labingi: (Default)
I need to do an update, so here is some stuff.

* I finish reading Pale Fire. Pale Fire is to the Russian Revolution as Slaughterhouse 5 is to the firebombing of Dresden.

* Speaking of getting unstuck in time, I also watched The Fountain, which is a very good and interesting movie about coping with death. And very pretty and a bit historical and science fictiony. I have little to say against it except that Isabella (in the 16th century plotline) falls flat (but she's mostly symbolic anyway). And there is a certain amount of race fail, combined, however, with a genuine interest in non-Western traditions, which mitigates it, I think. The rest is lovely.

* Having seen the Blade of the Immortal anime, I am now catching up on bits of the manga. I doubt I will read the series in toto, but what I am falling in love with, I'm falling for hard. At first, I was a bit blown away that every single person in MoB fandom seems to be a fan of BotI too, but the more I see, the more it makes perfect sense. These stories--despite coming from different media, being aimed at different audiences, having different tones, and accomplishing different things--are of the same soul, which leads me to ask, has anyone (in English) crossed them over? And if not, why not?

* Speaking of MoB, I did catch up on vol. 22 (prologue-ch. 2) and have only been very quiet about it because it didn't do much for me. Part of it I'd read already (Naoe and Irobe, which is nice.) I was expecting more about Nagahide and was, thus, a bit disappointed not to get it. I find the Red Whales a bit dull (or, to take responsibility, have not invested the time in getting to know their panoply of characters), but I did enjoy Takaya bonding with the boy who reminded him of Miya.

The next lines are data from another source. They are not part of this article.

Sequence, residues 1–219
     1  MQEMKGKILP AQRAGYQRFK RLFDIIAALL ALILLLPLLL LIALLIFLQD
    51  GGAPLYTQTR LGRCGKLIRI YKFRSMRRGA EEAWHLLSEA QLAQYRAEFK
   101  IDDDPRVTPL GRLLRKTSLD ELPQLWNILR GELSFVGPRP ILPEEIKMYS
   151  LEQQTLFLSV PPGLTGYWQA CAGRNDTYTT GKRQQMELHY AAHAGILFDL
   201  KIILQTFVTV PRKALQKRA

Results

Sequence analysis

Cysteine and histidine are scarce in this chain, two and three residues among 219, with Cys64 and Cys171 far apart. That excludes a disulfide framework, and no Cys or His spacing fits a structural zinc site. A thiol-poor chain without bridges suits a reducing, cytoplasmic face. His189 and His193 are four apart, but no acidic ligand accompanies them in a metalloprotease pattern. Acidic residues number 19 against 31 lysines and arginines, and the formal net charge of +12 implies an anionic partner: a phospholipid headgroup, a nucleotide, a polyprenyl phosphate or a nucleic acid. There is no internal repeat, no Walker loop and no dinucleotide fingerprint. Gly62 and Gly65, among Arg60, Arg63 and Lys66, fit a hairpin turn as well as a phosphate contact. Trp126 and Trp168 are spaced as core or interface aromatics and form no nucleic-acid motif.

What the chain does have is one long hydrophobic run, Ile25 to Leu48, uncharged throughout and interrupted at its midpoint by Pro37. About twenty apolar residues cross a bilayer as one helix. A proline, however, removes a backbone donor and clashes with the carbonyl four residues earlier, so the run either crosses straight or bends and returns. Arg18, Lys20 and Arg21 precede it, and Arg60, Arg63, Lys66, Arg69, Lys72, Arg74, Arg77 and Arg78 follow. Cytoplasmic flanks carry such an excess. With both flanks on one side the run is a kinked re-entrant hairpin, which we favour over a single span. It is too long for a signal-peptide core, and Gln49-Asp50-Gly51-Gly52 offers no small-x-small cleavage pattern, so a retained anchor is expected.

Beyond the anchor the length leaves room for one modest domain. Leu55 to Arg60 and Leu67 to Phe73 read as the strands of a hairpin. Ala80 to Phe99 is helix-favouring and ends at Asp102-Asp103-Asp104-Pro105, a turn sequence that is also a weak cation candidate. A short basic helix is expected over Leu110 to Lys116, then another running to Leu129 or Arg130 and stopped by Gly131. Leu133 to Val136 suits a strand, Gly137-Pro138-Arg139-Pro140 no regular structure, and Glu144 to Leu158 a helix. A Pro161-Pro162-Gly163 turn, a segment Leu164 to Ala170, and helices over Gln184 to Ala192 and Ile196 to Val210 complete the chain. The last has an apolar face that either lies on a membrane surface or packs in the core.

* Rewatched some M*A*S*H. It remains one of the best TV series ever made, full stop. It also strikes me that Hawkeye is a pretty direct ancestor of Boston Legal's Alan Shore.

* I have also been watching two other shows I'm keeping mum about: Doctor Who series 5 and The House of Five Leaves. Both are interesting me, but I want to wait till they've ended to make my final assessment.

Nabokov

May. 8th, 2010 03:09 pm
labingi: (ivan)
I have been reading a lot of Nabokov lately, and think I have enough now to fix on why--though he is very, very good--he will never be one of my favorites. What is most compelling for me about narrative is the emotional force of psychologically realistic characters' love for each other, and despite the dazzling variety of his works, Nabokov seems to eschew this mode. His stories repeatedly meditate on emotional distance. People love--but through a glass darkly. Their default state seems to be encasement within their own minds. This places Nabokov squarely in the 20th-century Modern/postmodern tradition: alienation, confusion, isolation, etc. It may be paradigmatic of 20th-century (literary) experience, but for me, it disregards so much of what is human.

Some examples... )

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